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When Art and Fashion Collide

Next year, the Met Gala should try on a new theme: ‘Shmatta: The Lower East Side Remembers’

Rachel Shukert
May 06, 2015
Timothy A. Clary/AFP/Getty Images
Rihanna at the 2015 Met Gala in New York on May 4, 2015. Timothy A. Clary/AFP/Getty Images
Timothy A. Clary/AFP/Getty Images
Rihanna at the 2015 Met Gala in New York on May 4, 2015. Timothy A. Clary/AFP/Getty Images

“You guys, what actually is the Met Ball?”

This was the pressing question Monday night on the Facebook feed of a very pop-culturally plugged-in friend of mine. And given the general consternation from his equally celeb-savvy friends (I mean, I don’t want to drop any names, but some of them were actual celebs, or at least, people who have, like, done the make-up of actual celebs!) I thought we might all be able to use a brief refresher course before we dive into the carnage of Monday night’s main event.

The Met Ball is often referred to as the “Oscars of Fashion,” which means it’s an opportunity for movie stars and supermodels to get dressed up in ludicrously expensive couture gowns, made all the more extravagant due to the lack of concern for having one’s sartorial choices ripped apart by the rapier-like wit of Giuliana Rancic. By attending the gala, celebrities assert their status among God’s Elect—God, in this instance, being Anna Wintour, who organizes the whole shindig every year. So, you know, God.

However, the Met Ball is not an awards show, or even a classy non-televised awards ceremony. Rather, it’s a giant benefit for the Metropolitan Museum of Art’s noted Costume Institute, dedicated to the preservation and display of garments deemed essential to fashion history. It’s basically an incredibly high profile, star-studded gala event for the care and feeding of a bunch of old clothes. It’s the shmatta business all dressed up and pretending its Old Money. As lavish as the results are, I can never quite treat it with the seriousness its organizers seem to demand. As my grandfather—who was quite a macher in the small-time rag trade himself—would say: “Who do they think they’re fooling?”

Obviously, there’s a long tradition of extremely rich people gladly donating vast sums of money to institutions that are, when you get down to it, not exactly charitable. The wealthy also donate funds to things they just like, or like to go to, or like to appear to like to go to: your ballet, your opera, your symphony.

Since the beginning of time—or at least since the Medicis were in Florence and Holbein was making the rounds of the various royal courts of Europe—art has never been a self-sustaining enterprise, but rather one that humanity requires to sustain itself.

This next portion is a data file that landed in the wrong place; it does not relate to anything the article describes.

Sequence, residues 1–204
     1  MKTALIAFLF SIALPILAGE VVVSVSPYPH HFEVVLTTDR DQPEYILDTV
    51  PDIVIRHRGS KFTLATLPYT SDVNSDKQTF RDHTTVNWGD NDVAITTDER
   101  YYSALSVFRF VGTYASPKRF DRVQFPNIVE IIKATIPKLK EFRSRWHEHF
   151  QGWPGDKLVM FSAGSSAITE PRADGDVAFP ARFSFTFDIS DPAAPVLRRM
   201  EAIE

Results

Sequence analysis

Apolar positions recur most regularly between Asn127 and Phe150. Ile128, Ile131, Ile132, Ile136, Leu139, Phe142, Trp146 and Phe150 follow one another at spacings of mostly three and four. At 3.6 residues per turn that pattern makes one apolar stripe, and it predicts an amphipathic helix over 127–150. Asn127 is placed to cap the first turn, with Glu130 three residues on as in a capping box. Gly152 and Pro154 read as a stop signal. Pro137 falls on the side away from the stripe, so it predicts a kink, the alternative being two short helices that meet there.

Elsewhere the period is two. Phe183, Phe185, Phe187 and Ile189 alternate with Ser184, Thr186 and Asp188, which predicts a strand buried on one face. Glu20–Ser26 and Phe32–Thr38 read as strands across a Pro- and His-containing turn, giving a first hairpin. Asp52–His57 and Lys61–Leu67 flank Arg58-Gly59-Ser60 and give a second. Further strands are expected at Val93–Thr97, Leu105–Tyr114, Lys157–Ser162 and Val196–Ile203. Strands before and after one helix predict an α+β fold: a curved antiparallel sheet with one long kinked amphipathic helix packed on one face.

Revolutionary artists from Leonardo da Vinci to Bertolt Brecht have, at various times in their career, relied on aristocratic patronage to realize their visions, making a Faustian but ultimately practical bargain: the artist sacrifices some small measure of integrity and/or autonomy in order to acquire the means to create, and the patron sacrifices a portion of their wealth in the service of artistic endeavors.

But fashion, on the other hand, has never been a not-for-profit endeavor.

Though clothes can be items of extreme beauty and deserve to be seen, they were not made to elevate the human spirit, or even to just be aesthetically pleasing; nor were they made to hold an unflattering mirror up to, reflecting their time. Instead, clothes were created for commerce-sake: to sell shoes and bags and jewelry and perfume.

With that in mind, the Met Ball can’t help but seem like the red carpet equivalent to Ralph Lauren ads that run before Downton Abbey, where it’s all polo mallets and tea on the lawn…and then Ralph Lauren, bless him, opens his mouth for the voice-over and sounds like he’s behind the counter at B&H trying to get you to settle on a digital camera already before he has to close the store for Shabbos. And that’s fine! But why take it so seriously? If we really want to celebrate the New York Fashion World, why not go back to the beginning? Why not let the proverbial shikse goddess let her hair down and show her nice dark roots?

Thematically, this year’s Met Gala was a step in the right direction. The theme, “China: Through the Looking Glass,” was also the theme of my grandmother’s living room. And while we didn’t get to see Donna Karan in a gown made out of mahjongg tiles at this year’s gala, there were still quite a few evening purses shaped like take-out boxes. Oh, and Grace Coddington showed up in her pajamas. So that’s something.

But here’s my suggestion for next year’s theme: “Shmatta: The Lower East Side Remembers.”

Imagine the possibilities: Greenhorn chic. Dresses painstakingly beaded to look like the fragrant skin of a half-sour pickle. Sarah Jessica Parker in a corseted bodice and flame-inspired headpiece to symbolize the Triangle Shirtwaist Factory Fire. Now that would really honor New York fashion history. Meanwhile, those of us who aren’t making money off it would at least have some fun.

As Jewish fashion hero Michael Kors said so indelibly on Season 2 of Project Runway: “Lighten up! It’s just fashion!”

Rachel Shukert is the author of the memoirs Have You No Shame? and Everything Is Going To Be Great,and the novel Starstruck. She is the creator of the Netflix show The Baby-Sitters Club, and a writer on such series as GLOW and Supergirl. Her Twitter feed is @rachelshukert.

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